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Keywords:

  • stent;
  • restenosis;
  • methylenetetrahydrofolate reductase;
  • vitamin B12;
  • homocysteine

Abstract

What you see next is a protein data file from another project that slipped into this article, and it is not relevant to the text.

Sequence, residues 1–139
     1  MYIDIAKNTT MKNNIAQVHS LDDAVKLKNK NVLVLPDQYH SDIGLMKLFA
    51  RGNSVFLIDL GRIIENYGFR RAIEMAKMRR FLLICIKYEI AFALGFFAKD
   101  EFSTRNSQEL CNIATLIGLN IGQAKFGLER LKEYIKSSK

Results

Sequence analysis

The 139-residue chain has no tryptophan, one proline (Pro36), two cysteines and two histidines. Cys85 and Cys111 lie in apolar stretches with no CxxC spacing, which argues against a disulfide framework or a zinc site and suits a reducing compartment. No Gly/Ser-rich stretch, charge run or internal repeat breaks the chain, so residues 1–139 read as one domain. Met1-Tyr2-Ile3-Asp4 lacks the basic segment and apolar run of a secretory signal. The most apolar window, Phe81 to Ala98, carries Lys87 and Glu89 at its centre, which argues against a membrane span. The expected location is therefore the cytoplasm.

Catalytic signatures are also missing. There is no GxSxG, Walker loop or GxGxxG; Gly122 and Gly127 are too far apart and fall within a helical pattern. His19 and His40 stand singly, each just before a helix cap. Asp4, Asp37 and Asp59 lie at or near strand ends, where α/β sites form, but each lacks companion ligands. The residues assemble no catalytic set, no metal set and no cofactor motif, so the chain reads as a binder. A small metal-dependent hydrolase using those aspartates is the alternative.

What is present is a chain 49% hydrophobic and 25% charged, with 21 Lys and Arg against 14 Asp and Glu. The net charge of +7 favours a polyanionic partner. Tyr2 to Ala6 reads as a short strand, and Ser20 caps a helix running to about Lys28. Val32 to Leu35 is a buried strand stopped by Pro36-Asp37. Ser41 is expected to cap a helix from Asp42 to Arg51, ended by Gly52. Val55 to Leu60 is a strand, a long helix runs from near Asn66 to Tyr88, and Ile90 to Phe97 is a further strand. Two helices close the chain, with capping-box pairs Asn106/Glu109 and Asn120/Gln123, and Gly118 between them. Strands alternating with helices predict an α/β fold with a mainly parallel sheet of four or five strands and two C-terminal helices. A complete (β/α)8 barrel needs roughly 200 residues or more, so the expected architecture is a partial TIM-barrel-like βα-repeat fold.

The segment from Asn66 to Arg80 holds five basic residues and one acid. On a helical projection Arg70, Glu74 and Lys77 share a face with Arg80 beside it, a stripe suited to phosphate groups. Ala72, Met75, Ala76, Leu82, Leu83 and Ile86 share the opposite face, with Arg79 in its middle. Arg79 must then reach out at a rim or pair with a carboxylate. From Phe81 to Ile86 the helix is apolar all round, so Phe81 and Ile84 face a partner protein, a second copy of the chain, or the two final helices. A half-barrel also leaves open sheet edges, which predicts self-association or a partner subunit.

Background: Recent studies have shown that a common mutation (nucleotide 677 C[RIGHTWARDS ARROW]T) in the methylenetetrahydrofolate reductase (MTHFR) gene may contribute to a mild rise in plasma homocysteine levels and increase the incidence of coronary artery disease. Therefore, this study was designed to further investigate whether the effects of MTHFR 677 C to T mutation, plasma homocysteine, serum vitamin B12, and folate can influence restenosis after successful coronary stenting. Methods and Results: We investigated 260 patients each with a lesion after successful coronary stent placement. All patients received a repeated angiography after 6 months, or earlier if clinically indicated. Angiographic in-stent restenosis (ISR) was defined as ≥50% diameter stenosis at follow-up. Genotyping for MTHFR was based on a polymerase chain reaction technique. Also fasting plasma homocysteine, vitamin B12, and folate levels were measured at the same time. The ISR rate was higher among the patients with the TT genotype than in those with the non-TT genotypes (64.0% versus 32.9%, P = 0.002). There was no significant difference in plasma homocysteine levels among patients with the TT genotype and patients with the non-TT genotypes (15.9 ± 7.6 versus 15.5 ± 6.6 μmol/L, P = 0.75). However, among the patients with the TT genotype, those with higher plasma homocysteine levels (≥12 μmol/L) demonstrated a significantly higher ISR rate (75.0% versus 33.5%, P = 0.001). Logistic regression analysis revealed that the combined presence of the MTHFR TT genotype and lower than average serum vitamin B12 (≥550 pg/mL) resulted in the most significant difference in the risk of ISR (OR = 3.57, CI = 1.51–8.46, P = 0.004; OR = 2.36, CI = 1.35–4.15, P = 0.003). Conclusions:MTHFR 677TT polymorphism and low serum vitamin B12 each individually increased the risk of coronary ISR. Furthermore, the combination of these parameters resulted in a greater increase in risk. © 2006 Wiley-Liss, Inc.